Not Your Typical Tour Guides
“Get up close,” urged Spencer Glesby, a new student guide at the Harvard Art Museums and a Harvard College sophomore. “This is a really wonderful painting to immerse yourself in.”
A dozen individuals quietly approached and gazed at Gustav Klimt’s Pear Tree (1903/18). After the visitors shared their reactions, Glesby offered more context about the work, describing its composition and history, as well as a few personal thoughts on what makes the painting so great.
Glesby is one of 26 undergraduates in the museums’ student guide program who give 50-minute tours (free with admission) to visitors on Fridays, Saturdays, and Sundays throughout the academic year. While some tours are led by students studying art and art history (as is the case with Glesby), just as many are given by those with less expected concentrations, including computer science, astrophysics, and economics. As a result, many tours have strikingly original content encompassing a great variety of themes, such as the politics of erasure, representations of violence, and archetypes in art. (The student guide who created the latter tour has informally titled it “You’re So Vain: I Bet You Think This Art Is about You.”)
“It’s a unique opportunity for visitors,” said Samuel Shapiro, a Harvard College junior pursuing a joint concentration in the history of art and architecture and social anthropology. “You can be part of an astrophysicist’s tour on the theme of time or a computer scientist’s tour on the theme of problem solving.” Shapiro is a senior guide—an experienced tour leader who helps mentor others in the program. One of his tours is on “blankness” and the other is on “the museum wall.” He’s currently developing a third, about the relationship between collectors and museums.
To shape the tours, the guides look closely at four objects they select themselves—including one from each of the collections of the Fogg Museum, Busch-Reisinger Museum, and Arthur M. Sackler Museum. That means the tours cut across time and space to explore links between disparate works. Glesby’s tour, for example, investigates the theme of “the artist’s mark,” with stops featuring a Greek Neck Amphora (c. 490 BCE), Italian artist Paolo Finoglia’s 17th-century painting Joseph and Potiphar’s Wife, Austrian artist Klimt’s Pear Tree, and American artist Jenny Holzer’s new media work Untitled (C-4), from 1990. Each tour encourages dialogue, relying on active (though voluntary) audience participation, said Ariana Chaivaranon, a Harvard College junior with a concentration in visual and environmental studies and another of the senior guides. “It’s about asking visitors to do the heavy lifting of observing and then bringing those observations to contextualize their analysis of the work.”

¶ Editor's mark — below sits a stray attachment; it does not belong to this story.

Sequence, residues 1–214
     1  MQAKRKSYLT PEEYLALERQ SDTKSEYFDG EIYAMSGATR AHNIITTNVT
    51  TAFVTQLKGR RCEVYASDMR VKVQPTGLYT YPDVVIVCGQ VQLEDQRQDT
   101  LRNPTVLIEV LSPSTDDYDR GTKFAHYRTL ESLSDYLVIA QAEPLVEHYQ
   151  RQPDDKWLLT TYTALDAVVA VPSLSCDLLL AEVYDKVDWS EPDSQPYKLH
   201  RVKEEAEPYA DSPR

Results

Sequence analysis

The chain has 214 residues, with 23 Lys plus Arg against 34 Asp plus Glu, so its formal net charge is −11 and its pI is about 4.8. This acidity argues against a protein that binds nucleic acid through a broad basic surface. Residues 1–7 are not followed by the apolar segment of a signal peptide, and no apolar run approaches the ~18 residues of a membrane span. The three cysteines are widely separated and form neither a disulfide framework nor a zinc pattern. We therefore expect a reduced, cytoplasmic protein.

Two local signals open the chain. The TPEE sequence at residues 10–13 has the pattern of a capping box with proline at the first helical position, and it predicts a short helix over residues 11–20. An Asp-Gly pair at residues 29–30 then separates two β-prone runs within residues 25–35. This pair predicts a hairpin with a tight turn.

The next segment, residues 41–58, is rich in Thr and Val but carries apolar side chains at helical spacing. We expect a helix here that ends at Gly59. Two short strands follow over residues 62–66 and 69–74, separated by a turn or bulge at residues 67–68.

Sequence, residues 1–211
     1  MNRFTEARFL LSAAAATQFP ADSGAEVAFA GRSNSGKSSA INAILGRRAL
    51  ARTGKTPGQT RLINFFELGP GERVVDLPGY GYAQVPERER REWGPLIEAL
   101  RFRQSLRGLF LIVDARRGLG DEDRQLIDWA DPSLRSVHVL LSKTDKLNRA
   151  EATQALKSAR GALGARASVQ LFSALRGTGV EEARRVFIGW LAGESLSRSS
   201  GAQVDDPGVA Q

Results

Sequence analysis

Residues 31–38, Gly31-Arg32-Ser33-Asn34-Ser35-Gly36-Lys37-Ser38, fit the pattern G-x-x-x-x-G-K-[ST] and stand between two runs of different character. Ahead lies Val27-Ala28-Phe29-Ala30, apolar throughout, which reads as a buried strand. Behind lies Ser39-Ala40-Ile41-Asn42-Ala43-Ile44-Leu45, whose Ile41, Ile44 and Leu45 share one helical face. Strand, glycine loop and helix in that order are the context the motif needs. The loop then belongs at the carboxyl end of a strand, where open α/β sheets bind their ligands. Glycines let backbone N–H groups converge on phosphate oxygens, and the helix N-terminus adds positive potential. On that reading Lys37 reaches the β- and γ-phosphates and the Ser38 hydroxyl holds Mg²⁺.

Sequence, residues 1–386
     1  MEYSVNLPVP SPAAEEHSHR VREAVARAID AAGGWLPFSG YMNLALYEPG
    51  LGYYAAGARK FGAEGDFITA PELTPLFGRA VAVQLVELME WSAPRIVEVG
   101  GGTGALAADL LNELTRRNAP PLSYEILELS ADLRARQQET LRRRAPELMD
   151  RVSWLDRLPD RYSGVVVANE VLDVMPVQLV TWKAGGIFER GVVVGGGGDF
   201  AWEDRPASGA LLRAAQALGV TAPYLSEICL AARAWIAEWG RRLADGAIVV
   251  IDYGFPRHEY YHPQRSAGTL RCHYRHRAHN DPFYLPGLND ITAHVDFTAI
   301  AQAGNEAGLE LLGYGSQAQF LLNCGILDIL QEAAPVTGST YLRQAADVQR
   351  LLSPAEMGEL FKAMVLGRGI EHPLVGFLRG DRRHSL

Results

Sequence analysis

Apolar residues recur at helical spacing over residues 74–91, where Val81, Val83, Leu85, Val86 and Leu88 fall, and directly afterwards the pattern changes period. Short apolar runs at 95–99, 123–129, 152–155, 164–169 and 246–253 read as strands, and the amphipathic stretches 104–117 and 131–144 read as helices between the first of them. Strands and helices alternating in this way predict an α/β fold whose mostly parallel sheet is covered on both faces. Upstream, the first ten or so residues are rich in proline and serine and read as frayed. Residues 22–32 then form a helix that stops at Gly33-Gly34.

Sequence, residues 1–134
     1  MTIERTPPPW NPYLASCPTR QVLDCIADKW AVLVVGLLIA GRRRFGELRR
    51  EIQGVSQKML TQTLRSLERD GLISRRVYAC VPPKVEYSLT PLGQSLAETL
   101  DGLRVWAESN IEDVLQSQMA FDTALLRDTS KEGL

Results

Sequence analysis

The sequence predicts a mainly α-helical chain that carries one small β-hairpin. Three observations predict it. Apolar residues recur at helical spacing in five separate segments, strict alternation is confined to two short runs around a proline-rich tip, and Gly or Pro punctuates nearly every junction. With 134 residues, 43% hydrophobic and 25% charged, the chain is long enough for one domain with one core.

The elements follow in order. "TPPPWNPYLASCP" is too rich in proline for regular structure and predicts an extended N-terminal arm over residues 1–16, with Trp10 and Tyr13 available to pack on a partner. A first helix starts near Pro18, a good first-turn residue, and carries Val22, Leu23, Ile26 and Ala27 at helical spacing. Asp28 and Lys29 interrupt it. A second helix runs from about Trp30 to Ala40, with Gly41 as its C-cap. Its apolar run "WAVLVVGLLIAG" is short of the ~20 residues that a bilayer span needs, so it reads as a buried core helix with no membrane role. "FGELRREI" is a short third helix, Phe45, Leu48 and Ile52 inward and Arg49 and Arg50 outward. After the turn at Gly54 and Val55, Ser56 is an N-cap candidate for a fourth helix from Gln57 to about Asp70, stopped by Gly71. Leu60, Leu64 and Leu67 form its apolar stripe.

Often, Shapiro added, discussion “will end up going in whatever direction visitors want.” One of his tours examines Scene from the Life of Thomas Becket (c. 1190–1205), a stained glass medallion from Canterbury Cathedral. “Depending on who’s on the tour, that stop could take a religious, iconographic direction or could go in a material direction, geared toward people interested in the process of making stained glass,” he said. “Some people are fascinated by the conservation process. The glass is lit by LED lights, so people want to know about the ethics of showing this work in a way that it was not originally seen.”
Before the students open their tours to the public, they must complete a rigorous training program. Led by David Odo, director of student programs and research curator for university collections initiatives in the museums’ Division of Academic and Public Programs, the program helps each guide prepare to discuss works from various angles and with content appropriate for all ages and interests.
“Student guides gain the skills they need to facilitate group conversations about works included on their tours,” Odo said. “At the same time, they learn how and when to share their knowledge and observations with visitors.” New guides spend the fall semester learning about individual objects, through research and by attending presentations from curators, conservators, and museums staff. As they develop their tours, they also receive instruction on public speaking skills.
Before new guides can lead groups, they give practice tours, some of which are open to peers, museums staff, curators, fellows, and others with deep knowledge of the objects. “It’s funny,” Chaivaranon said, “because in many ways, giving a practice tour is harder and more intimidating than giving a tour to the public.”
Yet the payoffs are significant. A number of student guides are interested in a career in the arts, making the practice invaluable. Many guides gain further experience by developing and giving additional tours to special visitors or groups by request (e.g., participants in international study programs). Later this spring, the student guides will host a conference to bring together other Boston-area college students involved in their own campus museums; the guides hope that the conference will initiate ongoing discussion about museums in student life.
In the meantime, visitors will find that taking a student-led tour (see our calendar for dates) of the Harvard Art Museums adds a completely new dimension to their experience, offering a fresh way to immerse themselves in the collections.